Thoreau Society/Thoreau Bicentennial Gathering
July 11-16, 2017
A five day celebration of the life, writings, and legacy of Henry David Thoreau on this 200th anniversary of his birth.   In lieu of a formal presentation this year, I will be leading early morning walks to Great Meadows and Gowing's Swamp, two of Concord's landscapes I know by heart.  For conference and event information and registration, go to:
http://www.thoreausociety.org/event/thoreau-bicentennial-gathering-celebrating-life-works-and-legacy-henry-david-thoreau

Presence + Place:  A Photography Workshop | deCordova Sculpture Park, Lincoln, MA
Saturday, August 5, 10:30 am - 12:30 pm

Inspired by the captivating photography of Abelardo Morell and the enduring legacy of 
Henry David Thoreau, join us for a photography workshop that celebrates both place and time in deCordova’s Sculpture Park. For photographers of all experience levels who are interested in grounding their ability to convey the nature of place and to perceive and create a visual impression of time.

Morell and Thoreau share deCordova histories. Morell, who was honored at deCordova's 2017 gala, received deCordova's distinguished Rappaport prize in 2006, and has been in the museum's collection since 1998 represented by his camera obscura and map images. In the "Ponds" chapter of Walden, Thoreau offers firm opinions of Flint's Pond, which borders deCordova, and its nineteenth-century owner, Farmer Flint.

Workshop facilitator, Cherrie Corey, is a Concord photographer and naturalist, who has
lived in the heart of Thoreau country for the last forty years and has chronicled the beauty, moods, and rhythms of its landscapes in more than 150,000 images. Cherrie has led previous programs at deCordova focusing on developing our presence and perceptions in the landscape, and the interplay between deCordova’s art installations and the ever-changing qualities of their natural surroundings.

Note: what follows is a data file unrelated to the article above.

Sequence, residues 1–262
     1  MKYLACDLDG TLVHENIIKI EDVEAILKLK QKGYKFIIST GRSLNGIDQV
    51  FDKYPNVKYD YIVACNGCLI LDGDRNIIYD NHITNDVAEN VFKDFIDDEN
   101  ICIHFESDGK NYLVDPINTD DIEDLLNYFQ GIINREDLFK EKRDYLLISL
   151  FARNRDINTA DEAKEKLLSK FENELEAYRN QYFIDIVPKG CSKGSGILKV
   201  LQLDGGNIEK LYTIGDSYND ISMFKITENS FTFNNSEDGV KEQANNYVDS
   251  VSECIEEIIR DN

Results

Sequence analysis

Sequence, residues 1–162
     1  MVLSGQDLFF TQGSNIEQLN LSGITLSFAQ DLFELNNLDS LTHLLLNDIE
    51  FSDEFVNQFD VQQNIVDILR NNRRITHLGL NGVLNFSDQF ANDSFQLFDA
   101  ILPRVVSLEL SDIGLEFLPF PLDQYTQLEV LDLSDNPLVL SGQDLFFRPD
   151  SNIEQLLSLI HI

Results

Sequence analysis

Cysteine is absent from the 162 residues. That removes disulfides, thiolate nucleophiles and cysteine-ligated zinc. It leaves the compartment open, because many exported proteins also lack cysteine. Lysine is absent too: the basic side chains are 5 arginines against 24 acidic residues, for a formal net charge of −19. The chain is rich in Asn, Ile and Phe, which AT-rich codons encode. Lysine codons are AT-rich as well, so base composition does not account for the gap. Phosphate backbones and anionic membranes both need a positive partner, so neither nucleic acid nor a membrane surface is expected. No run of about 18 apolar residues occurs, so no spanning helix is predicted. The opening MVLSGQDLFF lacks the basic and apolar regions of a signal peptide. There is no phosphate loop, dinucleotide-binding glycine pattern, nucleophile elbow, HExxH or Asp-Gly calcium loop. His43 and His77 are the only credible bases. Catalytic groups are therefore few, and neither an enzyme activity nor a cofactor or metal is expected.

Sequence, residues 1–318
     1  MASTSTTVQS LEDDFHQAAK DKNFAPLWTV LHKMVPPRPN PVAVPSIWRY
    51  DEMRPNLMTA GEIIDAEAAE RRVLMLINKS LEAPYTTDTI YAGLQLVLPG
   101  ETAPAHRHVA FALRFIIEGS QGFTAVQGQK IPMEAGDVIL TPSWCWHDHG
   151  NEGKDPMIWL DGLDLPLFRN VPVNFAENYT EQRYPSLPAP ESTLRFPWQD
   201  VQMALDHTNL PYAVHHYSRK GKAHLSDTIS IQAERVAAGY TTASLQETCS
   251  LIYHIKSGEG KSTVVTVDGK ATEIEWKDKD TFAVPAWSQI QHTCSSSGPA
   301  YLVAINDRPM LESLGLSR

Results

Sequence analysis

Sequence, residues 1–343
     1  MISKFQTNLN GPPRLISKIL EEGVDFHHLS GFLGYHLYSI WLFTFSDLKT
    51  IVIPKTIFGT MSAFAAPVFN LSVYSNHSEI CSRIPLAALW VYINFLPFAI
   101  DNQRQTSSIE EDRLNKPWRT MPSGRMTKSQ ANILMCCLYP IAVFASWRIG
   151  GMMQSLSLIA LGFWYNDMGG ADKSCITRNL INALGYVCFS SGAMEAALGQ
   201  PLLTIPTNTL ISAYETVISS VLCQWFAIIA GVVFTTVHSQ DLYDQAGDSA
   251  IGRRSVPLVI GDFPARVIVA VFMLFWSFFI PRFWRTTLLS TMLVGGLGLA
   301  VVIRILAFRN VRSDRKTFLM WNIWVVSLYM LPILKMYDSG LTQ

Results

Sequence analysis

No photography experience necessary. Participants use their own photographic equipment of any type (smart phones, film or digital cameras are all ok).

Workshop price includes admission to deCordova and a 2-for-1 pass to Concord Museum.
This program is organized in conjunction with the Concord Museum exhibition, Walden: Four Views by Abelardo Morell (on view February 9–August 20, 2017), and the 2017 world-wide Thoreau Bicentennial Programs and Events celebration.


Impromptu Full Moon Walk - Great Meadows
Sunday, August 6, 6:45 pm

Any last minute updates can be found here.

Take Rte. 62/Bedford St. in Concord to Monsen Road.  Turn left where Monsen bears right and follow GMNWR driveway to end.  We'll meet at the kiosk just off the parking lot.

Your donations are gratefully received.


Monthly Concord Conservation Coffees
First Tuesday @ month, 7:30 am from September - May
141 Keyes Rd., Concord, 1st Fl Meeting Rm.

Flora and fauna at Sleepy Hollow
Informal gathering and information exchange between town natural resources and other interested staff and board members and local environmental leaders, organizations, naturalists, and interested citizens.  Meeting usually lasts about an hour.  Bring your coffee mug, coffee and coffee cake available with donation.



 








Check back for additional programs as they are added...